Filled with images of a post-apocalyptic world fed by theology gone wild, The Thermals’ 2006 release, The Body, The Blood, The Machine has rightfully earned its place next to Green Day’s American Idiot as one of the strongest musical criticisms of early 21st Century America. Now, with a weakened religious right, a Republican party in shambles, and a Democrat in the White House, what’s left for a guitar toting liberal to do? For Hutch Harris of The Thermals, the style remains the same — Harris’ sharp, pointed voices set against thick, powerful guitar chords, but the message has changed. No longer a prophet in a wasted landscape, leading fellow survivors to their salvation, Harris has turned his focus inward, using the sea and the desert as metaphors for his own journey (See “When I Died,” “I Let it Go,” “Now We Can See,” and “At the Bottom of the Sea,” and pretty much all of side one). Then, as the set progresses, this shift becomes even more prominent, revealing Harris as a star-crossed, power pop idol pining for lovers lost on songs like “How We Fade” and “I Called Out Your Name.” Yet, for those expecting something a little more profound, Harris’ transformation from leading the damned to leading a power pop band, can be a bit of a disappointment, even if it’s a damn fine power pop band. 7 out of 10 on The Rockometer
And the beat goes on, and on, and on and on. Such is the way of San Francisco, psychedelic rock quartet, Wooden Shjips, where one beat can remain unchanged for eight, ten, twelve minutes; beside barely audible lyrics; patterned with slowly shifting keyboard tones; amidst a frenzy of feedback guitar, or a freely, flowing solo.
And the beat goes on, and on, and on and on, from song one to two, to three, four and five. Keys rarely change, and the mood rarely shifts. Droning repetition reinforces spectral, spooky, and mesmerizing scenes, like the worst trip you’ve ever been on, or the best, depending on your drugs, or lack thereof.
And the beat goes on, and on, and on and on. Eight, ten, or twelve minutes may have been only four, but who’s counting? When you’re lost in the beat, and you’re lost in the feedback freakouts, and you’re free of the shackles of the pop song, time is but a relative thing. 8/10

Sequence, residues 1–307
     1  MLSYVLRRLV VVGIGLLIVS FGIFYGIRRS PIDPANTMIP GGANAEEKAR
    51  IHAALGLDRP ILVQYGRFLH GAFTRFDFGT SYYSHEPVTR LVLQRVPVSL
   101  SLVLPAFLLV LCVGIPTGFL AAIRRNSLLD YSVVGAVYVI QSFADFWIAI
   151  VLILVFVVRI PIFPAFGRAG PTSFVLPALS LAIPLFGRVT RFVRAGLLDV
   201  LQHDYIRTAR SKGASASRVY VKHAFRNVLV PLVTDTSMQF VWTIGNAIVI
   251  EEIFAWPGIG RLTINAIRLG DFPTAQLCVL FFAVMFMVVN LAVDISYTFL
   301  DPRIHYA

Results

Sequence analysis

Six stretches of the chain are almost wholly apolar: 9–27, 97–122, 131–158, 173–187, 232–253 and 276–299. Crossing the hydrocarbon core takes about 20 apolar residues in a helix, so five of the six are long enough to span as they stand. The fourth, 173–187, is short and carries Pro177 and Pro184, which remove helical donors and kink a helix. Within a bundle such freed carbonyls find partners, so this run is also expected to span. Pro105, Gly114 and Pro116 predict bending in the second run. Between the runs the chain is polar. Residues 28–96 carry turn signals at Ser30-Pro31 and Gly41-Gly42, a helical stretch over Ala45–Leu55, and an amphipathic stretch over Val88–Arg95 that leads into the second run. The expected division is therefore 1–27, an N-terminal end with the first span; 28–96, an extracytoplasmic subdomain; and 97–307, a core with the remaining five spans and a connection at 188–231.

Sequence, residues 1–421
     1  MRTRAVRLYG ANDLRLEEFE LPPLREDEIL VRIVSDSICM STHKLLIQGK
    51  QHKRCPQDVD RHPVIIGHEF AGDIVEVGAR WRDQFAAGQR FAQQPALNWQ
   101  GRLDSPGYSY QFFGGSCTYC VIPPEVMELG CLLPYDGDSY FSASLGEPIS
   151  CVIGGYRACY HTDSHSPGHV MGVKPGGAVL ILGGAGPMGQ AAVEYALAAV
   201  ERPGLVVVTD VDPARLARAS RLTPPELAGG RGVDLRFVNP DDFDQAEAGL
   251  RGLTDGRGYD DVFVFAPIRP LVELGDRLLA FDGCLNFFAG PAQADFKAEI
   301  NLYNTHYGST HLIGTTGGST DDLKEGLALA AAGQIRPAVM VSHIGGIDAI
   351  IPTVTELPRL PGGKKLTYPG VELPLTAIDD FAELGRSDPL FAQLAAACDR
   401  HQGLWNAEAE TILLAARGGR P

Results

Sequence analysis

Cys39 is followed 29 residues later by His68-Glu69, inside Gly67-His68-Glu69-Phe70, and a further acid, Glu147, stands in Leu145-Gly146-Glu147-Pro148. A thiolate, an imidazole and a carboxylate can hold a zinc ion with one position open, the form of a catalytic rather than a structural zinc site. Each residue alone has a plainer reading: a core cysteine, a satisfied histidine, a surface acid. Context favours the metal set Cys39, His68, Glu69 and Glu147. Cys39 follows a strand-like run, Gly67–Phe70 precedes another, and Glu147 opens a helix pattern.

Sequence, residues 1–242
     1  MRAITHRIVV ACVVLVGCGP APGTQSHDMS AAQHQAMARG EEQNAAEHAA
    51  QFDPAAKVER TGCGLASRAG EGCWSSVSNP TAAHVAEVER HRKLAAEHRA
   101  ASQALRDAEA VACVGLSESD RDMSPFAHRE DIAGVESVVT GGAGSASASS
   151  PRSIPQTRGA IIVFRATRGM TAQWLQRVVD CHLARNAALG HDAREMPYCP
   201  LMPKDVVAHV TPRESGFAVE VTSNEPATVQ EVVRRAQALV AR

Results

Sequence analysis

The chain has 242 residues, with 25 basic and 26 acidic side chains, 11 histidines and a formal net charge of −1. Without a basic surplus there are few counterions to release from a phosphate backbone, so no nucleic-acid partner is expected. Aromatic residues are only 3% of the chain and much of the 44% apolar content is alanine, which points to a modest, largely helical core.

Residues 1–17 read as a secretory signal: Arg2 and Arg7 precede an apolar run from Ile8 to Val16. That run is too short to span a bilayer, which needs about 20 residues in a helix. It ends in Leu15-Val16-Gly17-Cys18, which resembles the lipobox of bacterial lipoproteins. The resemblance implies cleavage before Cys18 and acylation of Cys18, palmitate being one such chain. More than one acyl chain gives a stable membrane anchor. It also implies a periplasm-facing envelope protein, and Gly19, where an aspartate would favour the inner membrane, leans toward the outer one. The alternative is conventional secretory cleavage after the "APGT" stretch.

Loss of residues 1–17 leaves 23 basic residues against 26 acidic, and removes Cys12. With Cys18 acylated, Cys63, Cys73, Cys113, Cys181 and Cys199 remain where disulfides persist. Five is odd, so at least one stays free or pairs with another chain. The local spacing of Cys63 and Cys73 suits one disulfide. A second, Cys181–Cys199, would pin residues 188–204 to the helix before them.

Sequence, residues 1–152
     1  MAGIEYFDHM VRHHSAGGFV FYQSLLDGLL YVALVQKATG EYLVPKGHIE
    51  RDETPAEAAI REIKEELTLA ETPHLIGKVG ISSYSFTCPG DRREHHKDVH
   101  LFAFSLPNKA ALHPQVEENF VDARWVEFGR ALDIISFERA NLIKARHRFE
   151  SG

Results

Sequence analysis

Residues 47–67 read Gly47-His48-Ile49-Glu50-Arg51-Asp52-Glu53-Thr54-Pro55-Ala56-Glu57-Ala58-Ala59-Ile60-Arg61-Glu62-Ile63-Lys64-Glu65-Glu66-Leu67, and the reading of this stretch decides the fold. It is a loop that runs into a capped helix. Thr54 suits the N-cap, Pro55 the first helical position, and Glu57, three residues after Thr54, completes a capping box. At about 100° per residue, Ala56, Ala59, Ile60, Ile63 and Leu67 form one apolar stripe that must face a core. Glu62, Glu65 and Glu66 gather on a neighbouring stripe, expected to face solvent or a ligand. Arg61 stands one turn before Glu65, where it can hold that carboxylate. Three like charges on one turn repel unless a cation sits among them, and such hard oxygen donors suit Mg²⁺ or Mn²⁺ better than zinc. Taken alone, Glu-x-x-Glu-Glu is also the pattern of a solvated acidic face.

Democracy in action is a wonderful thing — people lining up behind voting booths, picking their leaders, speaking their minds, charting their own destiny — what a novel idea! Democracy in action in a band, well, that’s an entirely different thing. Not every band is talented enough to run with multiple singers and multiple songwriters. Oh, there was the Beatles, of course, and in modern times we have bands like Sloan and The New Pornographers who manage quite well sharing the lead. Yet, when the Glaswegian band, 1990s decided to embrace democracy, splitting lead between guitarist Jackie McKeown, bassist Dino Bardot, and drummer Michael McGaughrin, they lost the one quality which separated them from their British guitar rock brethren who dabble in dance punk and power pop — namely McKeown’s cleverly biting, self-aware snark. With this new found democratic approach, glammed up stompers (“The Box,” and “Tell Me When You’re Ready”) have to share space with sentimental, mid-Eighties new wave (“59”.) As a result, 1990s have all but assured their place next to Art Brut, Bloc Party, The Rakes, Franz Ferdinand, The Futureheads, and pretty much every other British guitar band of the past decade who followed a promising first album with something significantly less satisfying on album number two. 5/10
This may not be a fair comparison, but…The Howlies are from Atlanta, Georgia, and they play rowdy, Nuggets style garage rock. The Black Lips are from Atlanta, Georgia, and they also play rowdy, Nuggets style garage rock. Now, let’s say for argument’s sake, The Black Lips howl much more than the band who call themselves The Howlies. Let’s also say, for argument’s sake, again, the number one complaint about The Black Lips, besides their stage show shenanigans which come off quite staged at times, is that they’re nothing more than Nuggets re-enactors. That would leave the band called The Howlies, who don’t howl nearly as much as their name would imply; the band who decided to polish all the rough edges on their nuggets to a clean studio sheen, with what exactly? 5/10